Craft Brewing Thrives In The Heart Of Italy’s Wine Country
Craft beer’s meteoric rise has happened within the last few decades. Across the world in the middle of Italy’s wine country something similar is taking place. It’s possibly the last place you’d think a craft beer movement could start.
Colorado authors Brian Jansing and Paul Vismara were determined to tell the story of small Italian breweries (think Loverbeer or Baladin) making a go of it in the middle of wine country, and making a big splash here in the states.
The result? Their book, Italy Beer Country: The Story of Italian Craft Beer. Jansing wrote the book and Vismara created the artwork throughout.
“We work at the Falling Rock [Tap House in Denver],” said Vismara. “There are incredibly knowledgeable craft beer lovers who walk into the bar who know way more than we do -- and we’re knowledgeable.
“Yet none of them, or hardly any of them knew anything about Italian Craft Beer.”
Jansing and Vismara realized they were on the front of a wave of Italian beers coming to America, and wanted to learn more. A lot more.
“And as we’ve been working on our project, more and more [beers] are coming,” said Vismara.
And they’re coming from places like Piozzo, Italy – the birthplace of the Italian craft beer movement. It’s a town so small most Italian’s don’t even know where it is. If you want an idea of how small Piozzo really is, the authors compare it to Fowler, Colorado.
Italy Beer Country takes readers back to the beginning of the Italian craft beer movement, introducing the key players and brewers who took the first steps. It guides potential travelers to the exact pubs and points of interest that are important in the overall history of the Italian craft brewing industry, and provides craft beer enthusiasts a guide to the best beers coming out of Italy today.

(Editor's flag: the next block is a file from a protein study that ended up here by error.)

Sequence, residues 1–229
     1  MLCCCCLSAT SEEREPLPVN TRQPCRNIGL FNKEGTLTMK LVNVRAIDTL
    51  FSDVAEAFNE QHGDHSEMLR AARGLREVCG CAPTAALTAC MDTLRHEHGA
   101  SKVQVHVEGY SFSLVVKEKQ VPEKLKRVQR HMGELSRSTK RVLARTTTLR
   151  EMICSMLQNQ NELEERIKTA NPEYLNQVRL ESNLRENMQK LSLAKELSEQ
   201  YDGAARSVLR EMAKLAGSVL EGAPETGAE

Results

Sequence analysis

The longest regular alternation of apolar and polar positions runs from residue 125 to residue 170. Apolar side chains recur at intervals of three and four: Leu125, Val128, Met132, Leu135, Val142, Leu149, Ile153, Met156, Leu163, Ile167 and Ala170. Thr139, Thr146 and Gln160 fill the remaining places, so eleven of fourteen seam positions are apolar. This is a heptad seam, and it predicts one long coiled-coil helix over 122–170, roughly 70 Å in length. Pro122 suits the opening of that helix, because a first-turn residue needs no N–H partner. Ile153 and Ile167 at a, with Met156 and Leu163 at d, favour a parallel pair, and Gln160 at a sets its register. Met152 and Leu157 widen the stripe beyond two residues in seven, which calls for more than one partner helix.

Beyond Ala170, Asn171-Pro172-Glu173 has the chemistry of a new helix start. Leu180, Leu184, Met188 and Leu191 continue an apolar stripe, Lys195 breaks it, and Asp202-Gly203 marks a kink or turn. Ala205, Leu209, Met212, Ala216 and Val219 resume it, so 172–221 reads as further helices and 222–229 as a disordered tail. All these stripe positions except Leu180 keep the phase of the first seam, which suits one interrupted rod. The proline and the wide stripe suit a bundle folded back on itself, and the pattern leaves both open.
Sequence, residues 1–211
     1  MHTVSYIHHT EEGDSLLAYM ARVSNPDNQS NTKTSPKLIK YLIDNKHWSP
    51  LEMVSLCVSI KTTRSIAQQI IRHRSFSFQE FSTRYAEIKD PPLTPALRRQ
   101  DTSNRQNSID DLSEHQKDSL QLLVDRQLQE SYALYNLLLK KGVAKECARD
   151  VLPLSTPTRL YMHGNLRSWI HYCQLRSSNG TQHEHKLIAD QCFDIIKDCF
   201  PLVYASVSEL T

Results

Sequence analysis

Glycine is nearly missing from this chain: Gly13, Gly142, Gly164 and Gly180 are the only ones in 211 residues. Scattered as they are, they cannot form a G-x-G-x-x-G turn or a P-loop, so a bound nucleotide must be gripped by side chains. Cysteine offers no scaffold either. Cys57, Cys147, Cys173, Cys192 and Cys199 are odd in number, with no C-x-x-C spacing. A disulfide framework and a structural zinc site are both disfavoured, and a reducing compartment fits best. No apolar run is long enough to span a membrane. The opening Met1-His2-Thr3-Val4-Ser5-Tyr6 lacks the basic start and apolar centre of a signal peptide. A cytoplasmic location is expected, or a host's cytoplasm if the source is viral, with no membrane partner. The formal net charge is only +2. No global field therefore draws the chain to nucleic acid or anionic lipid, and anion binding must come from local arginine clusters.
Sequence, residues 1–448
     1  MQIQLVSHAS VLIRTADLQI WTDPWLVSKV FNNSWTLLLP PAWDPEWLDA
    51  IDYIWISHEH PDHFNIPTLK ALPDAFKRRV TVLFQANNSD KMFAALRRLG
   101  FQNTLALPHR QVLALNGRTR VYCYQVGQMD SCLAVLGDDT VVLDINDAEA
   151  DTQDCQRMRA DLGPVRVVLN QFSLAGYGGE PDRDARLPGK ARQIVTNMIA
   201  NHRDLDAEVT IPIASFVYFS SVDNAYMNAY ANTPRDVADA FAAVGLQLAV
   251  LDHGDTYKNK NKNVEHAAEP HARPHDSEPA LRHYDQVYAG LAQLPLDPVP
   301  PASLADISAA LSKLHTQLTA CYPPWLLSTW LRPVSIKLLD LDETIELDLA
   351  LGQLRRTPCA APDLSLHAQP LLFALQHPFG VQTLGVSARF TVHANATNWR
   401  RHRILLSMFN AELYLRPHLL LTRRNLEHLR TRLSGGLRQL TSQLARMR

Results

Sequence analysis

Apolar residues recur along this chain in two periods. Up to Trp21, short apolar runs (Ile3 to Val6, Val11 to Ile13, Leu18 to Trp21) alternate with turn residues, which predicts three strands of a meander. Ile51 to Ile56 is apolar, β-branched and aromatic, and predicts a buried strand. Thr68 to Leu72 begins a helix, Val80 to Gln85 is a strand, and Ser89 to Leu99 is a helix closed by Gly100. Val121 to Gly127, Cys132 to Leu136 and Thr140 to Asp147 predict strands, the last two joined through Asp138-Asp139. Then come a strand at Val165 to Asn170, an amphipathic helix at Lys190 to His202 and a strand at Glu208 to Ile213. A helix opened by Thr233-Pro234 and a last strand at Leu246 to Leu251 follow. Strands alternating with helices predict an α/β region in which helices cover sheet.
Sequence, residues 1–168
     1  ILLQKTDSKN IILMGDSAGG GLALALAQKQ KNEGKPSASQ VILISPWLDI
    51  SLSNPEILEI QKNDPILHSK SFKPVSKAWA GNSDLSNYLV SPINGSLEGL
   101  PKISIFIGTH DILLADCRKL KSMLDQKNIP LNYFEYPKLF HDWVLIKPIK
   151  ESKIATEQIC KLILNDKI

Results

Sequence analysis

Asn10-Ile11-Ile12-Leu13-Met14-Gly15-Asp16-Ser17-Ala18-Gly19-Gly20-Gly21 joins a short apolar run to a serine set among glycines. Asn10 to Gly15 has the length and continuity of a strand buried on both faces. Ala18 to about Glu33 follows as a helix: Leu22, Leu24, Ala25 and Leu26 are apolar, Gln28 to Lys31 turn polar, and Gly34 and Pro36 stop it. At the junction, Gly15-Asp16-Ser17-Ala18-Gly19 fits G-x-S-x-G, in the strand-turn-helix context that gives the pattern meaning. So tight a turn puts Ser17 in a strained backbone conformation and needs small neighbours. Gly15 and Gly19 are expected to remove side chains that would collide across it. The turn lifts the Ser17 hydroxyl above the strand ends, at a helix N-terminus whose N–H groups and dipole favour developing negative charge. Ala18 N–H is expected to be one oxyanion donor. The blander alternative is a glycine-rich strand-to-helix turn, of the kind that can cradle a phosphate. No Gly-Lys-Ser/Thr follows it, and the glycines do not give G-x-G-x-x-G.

Who in Colorado helped you get your foot in the door of the Italian craft beer movement?
Paul Vismara: “One of the first people we turned to was Eric Wallace, the founder of Left Hand Brewing Company up in Longmont. He spent many years in Italy, his wife is Italian, he speaks fluent Italian. And you can walk into a number of breweries and pubs and see Left Hand paraphernalia and stickers… And he just checked off a bunch of names of places, there were a number of places he wasn’t familiar with, but he said go here, here, here, here. And that’s kind of how our map developed.”
The tax situation between wine makers, politicians, and beer makers was a concern for the growing industry wasn’t it?
Brian Jansing: “Every politician owns a vineyard. The same tax form that a wine maker fills out is the same tax form that a beer maker fills out. A wine maker puts zero. A brewer is putting a lot of numbers into that tax form, so that’s a big struggle for them. But I believe that they are making a little bit of head on that change.”
There’s a sense of inclusiveness and openness in the U.S. Beer Industry isn’t there? But that’s not the case necessarily in Italy?
Jansing: “They’re very wide open, and that was a big cultural lesson, and makes the craft beer movement unique worldwide. Because we have given that example. This is an American idea. We are American’s we say we’re American’s. Italians don’t say I’m Italian. I’m not from Italy -- I’m from Verona, I’m from Rome.
Vismara: “And that concept, it’s called campanilismo, is something that even though I’ve traveled to Italy a number of times, I was unaware of it, of how ingrained it was. My mentality was American.”
Jansing: “The brewers, you know, they had their moments of fighting but they had to collaborate. And they also realized that collaborating together only helps them. And so, what was the phrase that they always used that they brought home to them in Italy?”
Vismara: “An incoming tide lifts all boats.”
The book, Italy Beer Country: The Story of Italian Craft Beer is available April 1st.